Monday, May 19, 2014

Review: The Tyrant's Daughter by J.C. Carleson

Title: The Tyrant's Daughter
Author: J.C. Carleson
Source: Amazon Vine
Genre: Young Adult, Contemporary
Release Date: February 11, 2014
Reviewed by: Jasmyn

From a former CIA officer comes the riveting account of a royal Middle Eastern family exiled to the American suburbs

When her father is killed in a coup, 15-year-old Laila flees from the war-torn middle east to a life of exile and anonymity in the U.S. Gradually she adjusts to a new school, new friends, and a new culture, but while Laila sees opportunity in her new life, her mother is focused on the past. She’s conspiring with CIA operatives and rebel factions to regain the throne their family lost. Laila can’t bear to stand still as an international crisis takes shape around her, but how can one girl stop a conflict that spans generations? 

J.C. Carleson delivers a fascinating account of a girl—and a country—on the brink, and a rare glimpse at the personal side of international politics.

*Bonus Backmatter includes a note about the author's CIA past, and a commentary by RAND researcher and president of ARCH International, Dr. Cheryl Benard. Recommendations for further reading are also included.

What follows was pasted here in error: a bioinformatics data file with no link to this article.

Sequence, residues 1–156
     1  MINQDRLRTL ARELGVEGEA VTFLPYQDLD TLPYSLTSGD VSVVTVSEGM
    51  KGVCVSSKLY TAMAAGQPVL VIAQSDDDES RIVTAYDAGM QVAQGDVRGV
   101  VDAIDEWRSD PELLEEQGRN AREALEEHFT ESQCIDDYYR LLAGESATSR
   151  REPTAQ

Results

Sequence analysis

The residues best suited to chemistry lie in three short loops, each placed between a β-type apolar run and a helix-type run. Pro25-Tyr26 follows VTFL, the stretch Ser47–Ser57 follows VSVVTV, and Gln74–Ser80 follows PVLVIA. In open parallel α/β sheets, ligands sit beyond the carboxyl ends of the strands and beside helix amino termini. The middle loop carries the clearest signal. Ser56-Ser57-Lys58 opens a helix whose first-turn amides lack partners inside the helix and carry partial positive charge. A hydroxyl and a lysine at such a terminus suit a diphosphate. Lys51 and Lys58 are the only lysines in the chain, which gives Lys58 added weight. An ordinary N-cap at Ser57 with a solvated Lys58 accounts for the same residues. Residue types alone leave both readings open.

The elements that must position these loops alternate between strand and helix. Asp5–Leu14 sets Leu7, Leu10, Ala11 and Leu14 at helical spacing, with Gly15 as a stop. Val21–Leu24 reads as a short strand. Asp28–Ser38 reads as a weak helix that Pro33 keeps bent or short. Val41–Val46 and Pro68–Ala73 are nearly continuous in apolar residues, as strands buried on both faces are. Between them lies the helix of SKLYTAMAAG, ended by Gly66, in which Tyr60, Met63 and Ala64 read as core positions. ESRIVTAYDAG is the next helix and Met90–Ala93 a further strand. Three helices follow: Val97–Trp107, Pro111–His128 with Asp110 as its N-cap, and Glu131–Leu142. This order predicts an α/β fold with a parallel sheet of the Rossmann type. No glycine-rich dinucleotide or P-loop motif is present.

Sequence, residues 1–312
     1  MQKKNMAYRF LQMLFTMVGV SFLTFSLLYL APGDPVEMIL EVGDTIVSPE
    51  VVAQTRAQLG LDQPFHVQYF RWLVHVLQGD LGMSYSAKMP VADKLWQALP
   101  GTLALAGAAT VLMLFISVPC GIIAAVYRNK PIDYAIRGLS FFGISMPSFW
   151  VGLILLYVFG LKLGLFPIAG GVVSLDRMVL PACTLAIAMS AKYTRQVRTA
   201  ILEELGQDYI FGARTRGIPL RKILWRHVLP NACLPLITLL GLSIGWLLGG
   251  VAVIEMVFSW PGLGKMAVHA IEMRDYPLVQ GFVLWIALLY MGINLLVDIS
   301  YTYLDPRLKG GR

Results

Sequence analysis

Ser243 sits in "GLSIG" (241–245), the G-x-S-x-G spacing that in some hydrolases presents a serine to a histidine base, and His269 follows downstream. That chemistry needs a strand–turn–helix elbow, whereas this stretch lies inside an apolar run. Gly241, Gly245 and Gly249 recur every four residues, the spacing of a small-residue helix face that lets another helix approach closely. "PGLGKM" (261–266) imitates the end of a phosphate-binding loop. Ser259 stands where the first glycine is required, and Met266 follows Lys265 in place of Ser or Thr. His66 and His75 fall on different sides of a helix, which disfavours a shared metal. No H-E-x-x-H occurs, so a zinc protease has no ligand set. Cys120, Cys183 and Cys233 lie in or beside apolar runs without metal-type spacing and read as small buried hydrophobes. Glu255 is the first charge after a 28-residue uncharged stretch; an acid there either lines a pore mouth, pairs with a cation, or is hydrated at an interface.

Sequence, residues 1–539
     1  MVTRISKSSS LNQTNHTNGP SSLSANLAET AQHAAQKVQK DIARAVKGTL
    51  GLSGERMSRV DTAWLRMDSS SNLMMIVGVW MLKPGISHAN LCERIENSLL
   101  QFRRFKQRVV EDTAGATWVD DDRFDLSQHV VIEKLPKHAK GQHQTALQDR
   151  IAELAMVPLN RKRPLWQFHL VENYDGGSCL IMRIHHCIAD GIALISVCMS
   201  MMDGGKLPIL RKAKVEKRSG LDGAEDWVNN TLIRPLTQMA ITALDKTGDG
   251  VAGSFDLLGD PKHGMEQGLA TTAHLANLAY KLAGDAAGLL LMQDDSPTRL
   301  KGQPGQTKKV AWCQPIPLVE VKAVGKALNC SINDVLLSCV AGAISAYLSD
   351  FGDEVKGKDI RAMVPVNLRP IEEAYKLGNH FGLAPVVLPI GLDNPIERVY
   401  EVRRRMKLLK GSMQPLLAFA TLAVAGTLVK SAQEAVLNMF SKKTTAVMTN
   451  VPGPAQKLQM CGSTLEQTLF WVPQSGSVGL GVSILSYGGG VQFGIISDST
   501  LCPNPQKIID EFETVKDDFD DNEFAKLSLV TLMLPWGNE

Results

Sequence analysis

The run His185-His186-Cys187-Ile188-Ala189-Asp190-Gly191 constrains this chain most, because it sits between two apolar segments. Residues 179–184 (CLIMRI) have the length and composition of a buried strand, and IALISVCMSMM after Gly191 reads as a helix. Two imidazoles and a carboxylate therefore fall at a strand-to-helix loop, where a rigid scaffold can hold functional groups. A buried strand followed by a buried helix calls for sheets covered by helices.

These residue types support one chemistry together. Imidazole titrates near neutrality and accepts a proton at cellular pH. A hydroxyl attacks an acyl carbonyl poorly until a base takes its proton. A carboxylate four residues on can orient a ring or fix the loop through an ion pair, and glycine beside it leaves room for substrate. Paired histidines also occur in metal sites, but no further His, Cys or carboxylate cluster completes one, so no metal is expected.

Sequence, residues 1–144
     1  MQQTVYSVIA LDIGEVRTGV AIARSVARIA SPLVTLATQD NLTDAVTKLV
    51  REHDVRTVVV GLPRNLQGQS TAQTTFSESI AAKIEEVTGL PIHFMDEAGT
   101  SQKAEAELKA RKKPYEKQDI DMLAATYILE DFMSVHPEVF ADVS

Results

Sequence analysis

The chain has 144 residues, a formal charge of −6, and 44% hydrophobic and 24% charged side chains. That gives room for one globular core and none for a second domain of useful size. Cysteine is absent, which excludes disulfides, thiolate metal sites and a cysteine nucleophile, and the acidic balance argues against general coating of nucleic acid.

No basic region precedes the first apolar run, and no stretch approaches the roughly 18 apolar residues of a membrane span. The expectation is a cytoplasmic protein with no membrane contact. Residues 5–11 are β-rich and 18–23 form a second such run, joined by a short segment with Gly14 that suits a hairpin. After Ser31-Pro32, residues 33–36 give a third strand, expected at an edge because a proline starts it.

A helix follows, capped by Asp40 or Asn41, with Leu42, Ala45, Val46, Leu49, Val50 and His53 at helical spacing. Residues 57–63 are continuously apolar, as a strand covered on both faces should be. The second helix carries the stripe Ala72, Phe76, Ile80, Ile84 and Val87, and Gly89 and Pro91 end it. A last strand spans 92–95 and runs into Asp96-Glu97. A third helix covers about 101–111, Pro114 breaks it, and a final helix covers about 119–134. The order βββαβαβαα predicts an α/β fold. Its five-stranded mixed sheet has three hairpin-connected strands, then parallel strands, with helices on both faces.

This book was not at all what I had expected at first - it was different, but in a good way.  The story follows Laila as she tries to adjust to life in America after fleeing from her country.  The country remains unnamed for the entire story - the perfect choice by the author in order to avoid some backlash I'm sure.  The country created is a merging of several that have had struggles over the past few years - all we know for sure is that it's in the Middle East.  While the country may not have had a name, it definitely had an identity.  It's culture and people come to life in many different ways - Laila's memories, news articles she reads, and in stories from other refugees.

But this isn't a story about a war-torn country.  It's the story about a girl trying to find the truth about her past and live with her future.  She was sheltered before she came here, but in a good way.  She understands American culture, she's just never had to fit in in the middle of it.  Surrounded by new people and places she begins to find herself and a new place.

Just as she begins to settle, things begin to fall apart again.  Having been a large part of the politics in her country, her mother isn't content to start over.  Her plots and schemes are twisted and I was amazed at how devious and cunning she was at the end.  This is a must read in the YA contemporary genre.

*This book was received in exchange for an honest review*

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